We’re coming to the end of the season of Easter this week. So, “what’s next?” you might ask. Well, we have a calendar that says some of the most important days in the church year are ahead: Ascension, Pentecost, Trinity. (“What’s that?” might be your next question.) There’s a few other things the church added to be more relevant and contemporary. You probably have a few plans of your own and, if we consider what’s going on in the world as well, then that “what’s next?” could be starting to sound a little bit frustrated or fearful.
I imagine that’s where Jesus’ closest followers found themselves as he leaves them for the last time. The very last time.
There’s a story in the Bible that, after the resurrection, the now very much alive Jesus didn’t die again, but was simply carried up into heaven on a cloud, returning to God. He ascended into heaven (hence, The Ascension). The language of “ascension” is used in a few places, but the story itself appears only at the end of the gospel of Luke and the beginning of the Book of the Acts of the Apostles. These are thought to be by the same author and seen as the story of Jesus (the gospel) and the story of what his followers did after he left (Acts), spreading the word and beginning to build the church. The ascension story is the bridge.
You might imagine the ascension as something suitably epic: a great cloud (remember the cloud was Bible-speak for the presence of God) lifts him up (remember in those days there was a very hierarchical understanding of the cosmos and heaven was definitely up), there may have been thunder or trumpets or something spectacular and showy. But I don’t think that’s the point.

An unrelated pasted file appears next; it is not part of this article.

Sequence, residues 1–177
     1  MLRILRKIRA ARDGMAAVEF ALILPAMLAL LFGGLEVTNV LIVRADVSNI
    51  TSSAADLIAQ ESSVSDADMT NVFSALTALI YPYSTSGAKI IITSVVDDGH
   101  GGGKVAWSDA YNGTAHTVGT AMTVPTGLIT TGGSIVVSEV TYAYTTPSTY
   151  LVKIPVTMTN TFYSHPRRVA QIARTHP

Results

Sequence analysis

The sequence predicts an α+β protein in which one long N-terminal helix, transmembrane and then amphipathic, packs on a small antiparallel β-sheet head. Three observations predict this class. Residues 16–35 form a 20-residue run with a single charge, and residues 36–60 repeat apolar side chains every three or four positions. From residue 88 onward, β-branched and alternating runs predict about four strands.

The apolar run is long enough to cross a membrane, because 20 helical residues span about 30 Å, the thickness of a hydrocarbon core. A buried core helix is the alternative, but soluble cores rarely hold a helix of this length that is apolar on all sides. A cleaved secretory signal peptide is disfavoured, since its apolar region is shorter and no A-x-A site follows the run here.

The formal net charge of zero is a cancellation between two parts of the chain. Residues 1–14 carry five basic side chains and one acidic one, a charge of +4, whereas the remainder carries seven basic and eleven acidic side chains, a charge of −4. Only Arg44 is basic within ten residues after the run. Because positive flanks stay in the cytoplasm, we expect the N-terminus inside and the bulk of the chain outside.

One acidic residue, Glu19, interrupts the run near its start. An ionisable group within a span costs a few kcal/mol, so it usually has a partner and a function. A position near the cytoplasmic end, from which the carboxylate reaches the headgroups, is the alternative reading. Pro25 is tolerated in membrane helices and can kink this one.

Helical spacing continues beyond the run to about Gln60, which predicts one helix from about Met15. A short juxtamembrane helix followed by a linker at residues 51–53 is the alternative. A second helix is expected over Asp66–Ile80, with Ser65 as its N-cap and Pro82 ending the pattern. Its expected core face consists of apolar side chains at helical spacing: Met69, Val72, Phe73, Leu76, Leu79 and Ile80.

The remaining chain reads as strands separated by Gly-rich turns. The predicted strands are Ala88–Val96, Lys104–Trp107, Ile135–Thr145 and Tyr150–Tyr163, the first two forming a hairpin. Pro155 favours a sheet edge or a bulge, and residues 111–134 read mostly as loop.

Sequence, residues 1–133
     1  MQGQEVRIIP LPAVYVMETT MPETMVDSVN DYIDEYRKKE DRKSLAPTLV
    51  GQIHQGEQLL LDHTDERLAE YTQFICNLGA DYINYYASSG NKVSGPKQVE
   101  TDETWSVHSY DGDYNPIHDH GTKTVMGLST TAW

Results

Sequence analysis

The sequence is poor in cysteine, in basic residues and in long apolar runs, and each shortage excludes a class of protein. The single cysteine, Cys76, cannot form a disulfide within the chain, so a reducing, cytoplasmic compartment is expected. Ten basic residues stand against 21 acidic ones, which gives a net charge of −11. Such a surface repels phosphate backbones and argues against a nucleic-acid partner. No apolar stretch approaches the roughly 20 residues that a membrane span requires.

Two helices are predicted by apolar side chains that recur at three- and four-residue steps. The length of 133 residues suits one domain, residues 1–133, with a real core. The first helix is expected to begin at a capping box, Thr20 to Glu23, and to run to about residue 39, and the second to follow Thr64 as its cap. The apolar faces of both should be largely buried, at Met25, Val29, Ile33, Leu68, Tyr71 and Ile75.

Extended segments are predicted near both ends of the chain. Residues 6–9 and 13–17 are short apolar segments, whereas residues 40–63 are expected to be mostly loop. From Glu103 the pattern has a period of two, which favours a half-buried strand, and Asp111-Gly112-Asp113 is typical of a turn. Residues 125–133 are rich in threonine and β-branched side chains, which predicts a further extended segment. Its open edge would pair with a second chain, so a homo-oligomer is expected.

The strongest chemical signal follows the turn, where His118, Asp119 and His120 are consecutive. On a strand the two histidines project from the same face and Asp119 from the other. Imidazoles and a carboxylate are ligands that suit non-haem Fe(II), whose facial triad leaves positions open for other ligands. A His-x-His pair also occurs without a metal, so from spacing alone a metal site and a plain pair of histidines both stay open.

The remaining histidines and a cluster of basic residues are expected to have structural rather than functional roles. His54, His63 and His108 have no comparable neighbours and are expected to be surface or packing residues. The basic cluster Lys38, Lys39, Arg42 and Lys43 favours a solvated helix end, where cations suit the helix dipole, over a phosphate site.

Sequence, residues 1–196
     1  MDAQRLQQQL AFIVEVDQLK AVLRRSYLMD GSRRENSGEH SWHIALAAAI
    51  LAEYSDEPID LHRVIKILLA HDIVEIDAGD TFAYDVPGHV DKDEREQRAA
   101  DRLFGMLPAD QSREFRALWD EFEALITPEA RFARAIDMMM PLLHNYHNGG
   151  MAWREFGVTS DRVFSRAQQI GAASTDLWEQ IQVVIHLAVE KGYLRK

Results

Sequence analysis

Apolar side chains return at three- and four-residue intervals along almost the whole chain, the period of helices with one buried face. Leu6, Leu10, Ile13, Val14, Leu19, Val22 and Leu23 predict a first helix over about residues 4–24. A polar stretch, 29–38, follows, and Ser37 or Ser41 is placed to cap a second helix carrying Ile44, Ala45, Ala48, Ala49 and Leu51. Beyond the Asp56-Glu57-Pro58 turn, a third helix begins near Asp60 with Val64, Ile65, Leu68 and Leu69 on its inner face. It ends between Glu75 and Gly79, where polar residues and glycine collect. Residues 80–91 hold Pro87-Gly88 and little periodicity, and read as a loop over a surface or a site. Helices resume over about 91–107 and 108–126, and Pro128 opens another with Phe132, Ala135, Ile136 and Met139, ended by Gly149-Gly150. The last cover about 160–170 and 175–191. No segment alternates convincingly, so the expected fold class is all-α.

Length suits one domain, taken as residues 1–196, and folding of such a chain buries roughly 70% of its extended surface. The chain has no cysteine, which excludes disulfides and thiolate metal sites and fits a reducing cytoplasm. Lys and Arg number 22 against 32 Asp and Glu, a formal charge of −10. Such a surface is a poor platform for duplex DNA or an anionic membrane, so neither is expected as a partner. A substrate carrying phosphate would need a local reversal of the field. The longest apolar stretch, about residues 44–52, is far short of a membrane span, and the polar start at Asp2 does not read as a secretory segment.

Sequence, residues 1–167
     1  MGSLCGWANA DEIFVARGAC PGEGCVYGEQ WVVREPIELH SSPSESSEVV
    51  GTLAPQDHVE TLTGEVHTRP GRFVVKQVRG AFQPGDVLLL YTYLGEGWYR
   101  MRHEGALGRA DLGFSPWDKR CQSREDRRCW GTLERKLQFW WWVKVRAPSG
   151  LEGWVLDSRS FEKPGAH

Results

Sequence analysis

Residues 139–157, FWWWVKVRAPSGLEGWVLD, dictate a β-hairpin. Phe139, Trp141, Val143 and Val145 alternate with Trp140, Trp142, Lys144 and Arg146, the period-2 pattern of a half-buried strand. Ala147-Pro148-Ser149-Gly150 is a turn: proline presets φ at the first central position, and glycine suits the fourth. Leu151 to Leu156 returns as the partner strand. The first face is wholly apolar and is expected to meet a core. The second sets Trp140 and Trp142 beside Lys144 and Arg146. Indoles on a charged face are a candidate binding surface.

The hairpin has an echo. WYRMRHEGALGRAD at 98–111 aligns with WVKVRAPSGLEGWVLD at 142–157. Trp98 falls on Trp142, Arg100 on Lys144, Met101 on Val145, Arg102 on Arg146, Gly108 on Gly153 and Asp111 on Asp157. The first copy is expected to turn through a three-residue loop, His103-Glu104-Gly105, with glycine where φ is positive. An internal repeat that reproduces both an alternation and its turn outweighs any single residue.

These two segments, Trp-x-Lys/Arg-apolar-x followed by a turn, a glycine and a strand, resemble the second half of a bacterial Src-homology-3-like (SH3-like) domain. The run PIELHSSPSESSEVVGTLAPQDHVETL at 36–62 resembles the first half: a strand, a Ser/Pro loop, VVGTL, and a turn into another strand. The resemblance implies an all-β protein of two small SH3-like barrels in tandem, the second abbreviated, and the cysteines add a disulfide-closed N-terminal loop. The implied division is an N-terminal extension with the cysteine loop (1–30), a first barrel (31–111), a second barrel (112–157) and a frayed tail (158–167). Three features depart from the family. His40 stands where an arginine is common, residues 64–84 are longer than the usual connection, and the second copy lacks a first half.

As that final scene unfolds, I imagine Jesus telling them, once again, that it’s up to them now. He’s shown them everything they need to know, he’s promised them the power of the Spirit to help them and he tells them it’s time for them to go and be witnesses to their own communities and to the world. He’s passing them the baton - the spirit baton, if you like - and it’s up to them now. And then he heads off.
Or he tries to. It seems like the disciples still don’t get it. So, you’re the messiah, they say, right? When will you be restoring the kingdom of Israel then, like we think the messiah’s supposed to?
I don’t think Jesus is frustrated that they still need direction. I think he knows that we’ll always need reminding. We’ll always need reminding that the spirit is in us and that we can be all that Jesus showed us we can be if we’d just stop looking outside ourselves and instead look in our hearts and live good into the world.
Still not done, the story gives us one more reminder. Two figures like angels appear as the disciples stare up at the sky after Jesus departure, lost in wonder or worship. “Why are you standing around staring,” they say, “get on with it.” And they do and the spirit is with them and it’s not organized, structured and ritualized, but chaotic, personal and real. Isn’t that just like the spirit?